RELEASE: New CAP Report Shows How Local Support Can Help Close the Funding Gap for Community Colleges

Washington, D.C. — In nearly half of all U.S. states, the massive funding gap between community colleges and public four-year colleges can be closed using local tax appropriations, according to a new report from the Center for American Progress released today. The report proposes adjusting local tax appropriations, such as property taxes, to help close the $78 billion national revenue gap between four-year and two-year public colleges.

Local funding for community colleges is the norm in 24 states, but in other states it is nonexistent. The report shows how in 12 states—New York, Pennsylvania, Maryland, Massachusetts, Connecticut, Rhode Island, New Hampshire, Maine, Montana, South Dakota, Utah, and Colorado—the funding gap can be closed with an increase of 5 percent or less in local taxes on property, individual income, and corporate income. In an additional 12 states, the gap can be closed with an increase of less than 10 percent. Investing in community colleges will, in turn, benefit local communities: These institutions will produce better-prepared graduates, who will contribute all the more to their local economies and civic life, help raise healthier and more educated children, and build a richer future for their region.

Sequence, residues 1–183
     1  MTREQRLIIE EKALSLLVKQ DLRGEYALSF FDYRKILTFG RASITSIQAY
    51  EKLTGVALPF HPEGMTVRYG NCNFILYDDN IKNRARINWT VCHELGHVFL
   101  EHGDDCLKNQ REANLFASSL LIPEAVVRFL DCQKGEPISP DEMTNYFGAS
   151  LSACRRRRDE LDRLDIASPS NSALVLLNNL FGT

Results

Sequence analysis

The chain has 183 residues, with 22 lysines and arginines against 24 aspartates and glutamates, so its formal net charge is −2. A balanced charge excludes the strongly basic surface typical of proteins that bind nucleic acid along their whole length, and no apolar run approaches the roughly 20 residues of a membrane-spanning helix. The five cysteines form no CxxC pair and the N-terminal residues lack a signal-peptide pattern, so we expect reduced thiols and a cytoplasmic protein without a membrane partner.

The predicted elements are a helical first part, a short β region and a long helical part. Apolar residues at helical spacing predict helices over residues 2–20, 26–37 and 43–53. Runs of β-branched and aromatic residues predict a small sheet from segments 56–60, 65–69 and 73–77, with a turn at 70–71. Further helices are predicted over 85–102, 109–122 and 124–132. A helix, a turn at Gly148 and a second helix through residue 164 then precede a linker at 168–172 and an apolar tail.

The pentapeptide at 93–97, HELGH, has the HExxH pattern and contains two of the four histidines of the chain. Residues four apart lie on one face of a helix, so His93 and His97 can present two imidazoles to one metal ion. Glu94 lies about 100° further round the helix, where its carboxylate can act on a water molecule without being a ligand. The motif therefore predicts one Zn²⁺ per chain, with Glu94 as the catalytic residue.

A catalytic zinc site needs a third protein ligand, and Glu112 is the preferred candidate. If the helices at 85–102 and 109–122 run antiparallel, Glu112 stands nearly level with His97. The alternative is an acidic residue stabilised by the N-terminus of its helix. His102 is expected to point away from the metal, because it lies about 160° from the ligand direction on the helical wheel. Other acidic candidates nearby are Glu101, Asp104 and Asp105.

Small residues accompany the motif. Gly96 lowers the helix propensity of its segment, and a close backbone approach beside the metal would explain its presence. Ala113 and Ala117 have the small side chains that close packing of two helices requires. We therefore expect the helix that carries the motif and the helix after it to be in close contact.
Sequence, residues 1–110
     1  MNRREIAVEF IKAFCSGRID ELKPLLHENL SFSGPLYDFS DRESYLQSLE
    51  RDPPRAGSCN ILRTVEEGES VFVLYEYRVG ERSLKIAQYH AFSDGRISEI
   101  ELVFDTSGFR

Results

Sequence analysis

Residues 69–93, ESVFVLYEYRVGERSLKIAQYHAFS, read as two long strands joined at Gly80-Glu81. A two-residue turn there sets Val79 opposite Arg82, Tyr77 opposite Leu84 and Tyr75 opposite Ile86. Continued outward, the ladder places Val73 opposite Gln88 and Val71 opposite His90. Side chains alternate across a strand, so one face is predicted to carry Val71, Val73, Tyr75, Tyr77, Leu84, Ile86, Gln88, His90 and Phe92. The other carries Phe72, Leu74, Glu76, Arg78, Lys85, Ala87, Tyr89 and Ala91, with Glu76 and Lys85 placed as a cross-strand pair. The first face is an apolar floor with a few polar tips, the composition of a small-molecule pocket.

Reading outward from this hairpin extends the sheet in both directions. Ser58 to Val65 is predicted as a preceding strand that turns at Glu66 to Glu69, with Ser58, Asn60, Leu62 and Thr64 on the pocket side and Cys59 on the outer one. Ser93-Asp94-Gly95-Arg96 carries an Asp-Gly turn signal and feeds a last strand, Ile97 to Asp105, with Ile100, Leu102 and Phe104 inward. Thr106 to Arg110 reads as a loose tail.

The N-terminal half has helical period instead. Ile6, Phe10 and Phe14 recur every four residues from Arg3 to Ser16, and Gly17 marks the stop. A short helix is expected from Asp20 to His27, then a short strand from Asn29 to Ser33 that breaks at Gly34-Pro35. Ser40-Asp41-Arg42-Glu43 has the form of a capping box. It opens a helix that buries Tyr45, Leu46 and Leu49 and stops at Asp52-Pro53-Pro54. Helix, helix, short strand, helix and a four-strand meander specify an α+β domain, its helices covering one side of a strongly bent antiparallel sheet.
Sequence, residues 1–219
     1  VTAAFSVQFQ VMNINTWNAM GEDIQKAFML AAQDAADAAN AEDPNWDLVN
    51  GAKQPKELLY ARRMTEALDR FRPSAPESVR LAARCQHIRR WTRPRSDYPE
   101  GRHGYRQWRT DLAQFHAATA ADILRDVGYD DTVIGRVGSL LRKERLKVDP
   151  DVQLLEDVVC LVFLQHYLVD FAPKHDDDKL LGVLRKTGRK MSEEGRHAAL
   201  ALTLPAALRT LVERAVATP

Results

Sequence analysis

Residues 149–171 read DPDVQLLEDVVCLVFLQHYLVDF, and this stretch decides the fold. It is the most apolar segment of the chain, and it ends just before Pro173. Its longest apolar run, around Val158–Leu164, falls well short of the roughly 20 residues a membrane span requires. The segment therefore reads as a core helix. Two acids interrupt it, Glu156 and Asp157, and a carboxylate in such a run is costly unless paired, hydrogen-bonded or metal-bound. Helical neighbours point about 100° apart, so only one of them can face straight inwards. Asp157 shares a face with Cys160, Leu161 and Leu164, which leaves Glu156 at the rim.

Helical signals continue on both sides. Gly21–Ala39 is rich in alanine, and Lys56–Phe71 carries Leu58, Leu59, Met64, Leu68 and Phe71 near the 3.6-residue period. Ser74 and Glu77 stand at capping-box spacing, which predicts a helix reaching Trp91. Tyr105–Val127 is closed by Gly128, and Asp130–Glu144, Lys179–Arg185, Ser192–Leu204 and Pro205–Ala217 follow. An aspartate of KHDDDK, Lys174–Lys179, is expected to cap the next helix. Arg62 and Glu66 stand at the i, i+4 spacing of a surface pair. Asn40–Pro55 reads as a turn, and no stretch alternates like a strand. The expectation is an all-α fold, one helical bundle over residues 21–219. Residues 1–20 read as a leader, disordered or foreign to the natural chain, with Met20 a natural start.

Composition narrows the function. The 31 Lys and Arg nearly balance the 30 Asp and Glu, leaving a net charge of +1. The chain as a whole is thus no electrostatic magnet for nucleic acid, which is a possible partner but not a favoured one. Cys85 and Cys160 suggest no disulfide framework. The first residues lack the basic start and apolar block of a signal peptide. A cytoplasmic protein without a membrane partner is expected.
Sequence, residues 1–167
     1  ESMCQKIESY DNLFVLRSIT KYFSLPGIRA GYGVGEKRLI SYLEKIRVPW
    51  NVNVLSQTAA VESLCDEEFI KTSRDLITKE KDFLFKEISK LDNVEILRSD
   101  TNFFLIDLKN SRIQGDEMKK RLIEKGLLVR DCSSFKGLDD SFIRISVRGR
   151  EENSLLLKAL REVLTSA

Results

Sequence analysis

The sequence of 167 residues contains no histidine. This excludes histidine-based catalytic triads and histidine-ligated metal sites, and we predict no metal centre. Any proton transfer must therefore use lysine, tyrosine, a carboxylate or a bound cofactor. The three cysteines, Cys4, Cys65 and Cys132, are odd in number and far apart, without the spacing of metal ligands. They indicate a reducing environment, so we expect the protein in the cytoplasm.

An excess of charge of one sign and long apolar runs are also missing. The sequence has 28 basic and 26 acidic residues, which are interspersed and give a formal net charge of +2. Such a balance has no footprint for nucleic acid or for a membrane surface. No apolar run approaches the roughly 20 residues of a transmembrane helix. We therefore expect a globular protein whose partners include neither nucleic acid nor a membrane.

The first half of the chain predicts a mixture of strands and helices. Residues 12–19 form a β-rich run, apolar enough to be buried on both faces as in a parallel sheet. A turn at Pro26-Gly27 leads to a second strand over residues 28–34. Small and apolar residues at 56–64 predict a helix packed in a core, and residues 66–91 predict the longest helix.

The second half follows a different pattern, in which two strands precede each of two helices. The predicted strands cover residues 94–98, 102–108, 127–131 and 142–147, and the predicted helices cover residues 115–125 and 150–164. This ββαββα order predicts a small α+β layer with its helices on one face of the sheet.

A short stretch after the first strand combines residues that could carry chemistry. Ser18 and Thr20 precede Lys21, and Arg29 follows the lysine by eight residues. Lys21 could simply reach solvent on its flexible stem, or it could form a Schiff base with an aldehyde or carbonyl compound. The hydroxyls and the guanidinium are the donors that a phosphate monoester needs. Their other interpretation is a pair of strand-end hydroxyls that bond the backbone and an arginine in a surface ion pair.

“Local cities, towns, counties, and regions have a huge stake in the strength of community colleges and should have the chance to help make them better. Investing in community colleges would be one of the most powerful ways to help the United States emerge stronger in the years after the pandemic,” said Marcella Bombardieri, associate director of Postsecondary Education at CAP and author of the report.

The report cautions that states should ensure either that funds collected locally are distributed equitably across the state or that state funds fill in the gaps for less wealthy communities. It is also crucial that any additional local taxes, such as property taxes, are designed in a progressive fashion, assessed and enforced equitably, and do not harm low-income households. Finally, the author emphasizes that expanding local funding for community colleges does not absolve states and the federal government of their responsibility to better support these important institutions.

Click here to read “Tapping Local Support To Strengthen Community Colleges” by Marcella Bombardieri.

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